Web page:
LABC advocates also testified to the DEIS’s weak review of Environmental Justice issues specifically related to the Capital Region portion of the corridor. Restoration of the Walkway, and High Speed Rail in general, is a critical Title VI environmental justice issue. For example, the median household income for the census tract on the Albany side of the bridge is lower than $12,000 and nearly 58% walk or use transit to commute to work. For the city of Rensselaer (the city’s two census tracts are delineated by the rail line leading to the bridge) the percentage of households with incomes below $25,000 is higher than the New York State average and the MSA. The same rings true for the percentage of households receiving public assistance, SNAP and food stamp benefits, and families living below the poverty level. These families will see no direct benefit from High Speed Rail, but they will experience increased noise and emissions. High speed rail provides great benefits to system users, however, if the overhaul of this system provides no local benefit beyond faster commutes, the project will have a lasting impact on neighbors. How will that be mitigated? he Walkway is a start.
Finally, regardless of the scenario chosen, or the type of bridge that is built (bascule, lift, swing) there are well documented construction and management practices that can reduce and eliminate potential conflicts. In 2002, The Federal Rail Administration, at the direction of the U.S. Department of Transportation, developed a report for the purpose of examining safety, design, and liability issues associated with the development of shared use paths and other trails within or adjacent to active railroad and transit rights-of-way. This comprehensive document not only outlines the risks and benefits associated with rails with trails, it also highlights several case studies, presents best practice design guidelines, and provides sample legal agreements for trail managers and Rail Road operations. When the report was commissioned, there was an estimated 400 miles of rails with trails in the US. By 2007, Rails-to-Trails Inc. estimated the total US mileage of Rail with Trail had grown to nearly 900 miles of safe, accessible, and popular trail adjacent to, and in close proximity to operating freight, passenger, and inner-city light rail. The Federal Rail Administration literally wrote the book on rail with trail safety. The findings of FRA’s report should be included as an appendix to the Empire Corridor EIS as to document the opportunities, not just for the Livingston Avenue Bridge, but for the entire corridor, for rail and trail to safely coexist.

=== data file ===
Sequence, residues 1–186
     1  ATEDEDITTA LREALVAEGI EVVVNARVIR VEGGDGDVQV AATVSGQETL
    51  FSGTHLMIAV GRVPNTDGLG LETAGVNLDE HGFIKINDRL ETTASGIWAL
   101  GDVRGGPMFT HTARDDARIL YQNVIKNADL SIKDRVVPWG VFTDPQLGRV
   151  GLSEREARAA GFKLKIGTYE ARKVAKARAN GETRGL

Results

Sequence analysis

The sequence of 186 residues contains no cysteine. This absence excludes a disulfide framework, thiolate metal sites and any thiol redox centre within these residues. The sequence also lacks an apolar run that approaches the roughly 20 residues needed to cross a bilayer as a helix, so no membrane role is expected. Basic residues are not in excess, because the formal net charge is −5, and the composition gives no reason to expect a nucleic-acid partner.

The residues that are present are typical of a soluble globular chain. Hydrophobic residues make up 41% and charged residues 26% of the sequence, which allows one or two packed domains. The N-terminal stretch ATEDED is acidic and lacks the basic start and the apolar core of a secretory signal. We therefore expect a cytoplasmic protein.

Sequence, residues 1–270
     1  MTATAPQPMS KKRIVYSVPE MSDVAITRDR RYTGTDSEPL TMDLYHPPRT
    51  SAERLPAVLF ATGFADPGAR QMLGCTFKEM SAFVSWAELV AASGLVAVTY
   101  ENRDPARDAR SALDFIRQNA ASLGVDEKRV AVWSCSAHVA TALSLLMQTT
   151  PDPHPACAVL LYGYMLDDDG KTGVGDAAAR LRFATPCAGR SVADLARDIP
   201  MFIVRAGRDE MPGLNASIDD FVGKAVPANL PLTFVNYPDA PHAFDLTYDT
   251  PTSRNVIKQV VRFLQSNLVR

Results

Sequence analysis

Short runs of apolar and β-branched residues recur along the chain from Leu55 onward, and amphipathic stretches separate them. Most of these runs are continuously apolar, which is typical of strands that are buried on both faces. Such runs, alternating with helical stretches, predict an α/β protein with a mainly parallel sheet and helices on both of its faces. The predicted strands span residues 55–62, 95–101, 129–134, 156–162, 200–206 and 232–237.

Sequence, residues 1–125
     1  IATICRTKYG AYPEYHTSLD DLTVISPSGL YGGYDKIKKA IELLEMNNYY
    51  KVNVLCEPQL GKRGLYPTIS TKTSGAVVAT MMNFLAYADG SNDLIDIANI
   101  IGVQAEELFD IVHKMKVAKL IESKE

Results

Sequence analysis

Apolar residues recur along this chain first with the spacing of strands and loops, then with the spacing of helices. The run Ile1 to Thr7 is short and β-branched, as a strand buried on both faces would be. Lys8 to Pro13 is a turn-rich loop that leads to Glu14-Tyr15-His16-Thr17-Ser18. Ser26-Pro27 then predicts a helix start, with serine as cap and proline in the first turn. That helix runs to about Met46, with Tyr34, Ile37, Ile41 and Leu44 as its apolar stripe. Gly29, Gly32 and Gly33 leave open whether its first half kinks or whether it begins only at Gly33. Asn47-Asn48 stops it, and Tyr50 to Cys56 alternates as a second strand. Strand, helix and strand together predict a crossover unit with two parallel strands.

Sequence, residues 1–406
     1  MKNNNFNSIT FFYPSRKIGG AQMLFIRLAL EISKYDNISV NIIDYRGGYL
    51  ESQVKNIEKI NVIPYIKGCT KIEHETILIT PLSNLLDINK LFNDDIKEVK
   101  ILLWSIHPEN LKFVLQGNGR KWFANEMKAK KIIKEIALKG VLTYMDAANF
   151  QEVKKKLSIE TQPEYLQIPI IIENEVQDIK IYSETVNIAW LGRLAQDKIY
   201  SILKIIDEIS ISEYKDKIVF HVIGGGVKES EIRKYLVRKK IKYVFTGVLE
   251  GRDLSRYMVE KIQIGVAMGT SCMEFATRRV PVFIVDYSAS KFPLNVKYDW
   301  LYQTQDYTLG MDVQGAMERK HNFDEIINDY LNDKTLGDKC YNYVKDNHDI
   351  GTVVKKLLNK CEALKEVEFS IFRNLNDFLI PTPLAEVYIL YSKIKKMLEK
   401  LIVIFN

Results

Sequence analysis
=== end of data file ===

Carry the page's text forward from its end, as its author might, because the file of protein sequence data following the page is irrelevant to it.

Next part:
In summary, there hasn’t yet seemed to be any controversy about the Livingston Avenue Bridge Walkway. That’s due in part to the low cost of the facility, the enormous volume of research that documents the benefits, the Federal Rail Agency’s acknowledgement and data to support best construction and management practices of these facilities, and the overwhelming public support for the facility. It’s a given that the Walkway provides a significant regional benefit and that not providing it today would be an enormous blunder. So what’s the harm in acknowledging the need, research, benefits, environmental, and safety data?
NYSDOT assured attendees that there will be project specific meetings in the spring, in which the finer details of the bridge’s alignment and design will be discussed. Our intent at this hearing, and all along for that matter, is to ensure we have a solid foundation so that when it comes to the unveiling the walkway, it seems to be a forgone conclusion it will be on each and every alternative design presented.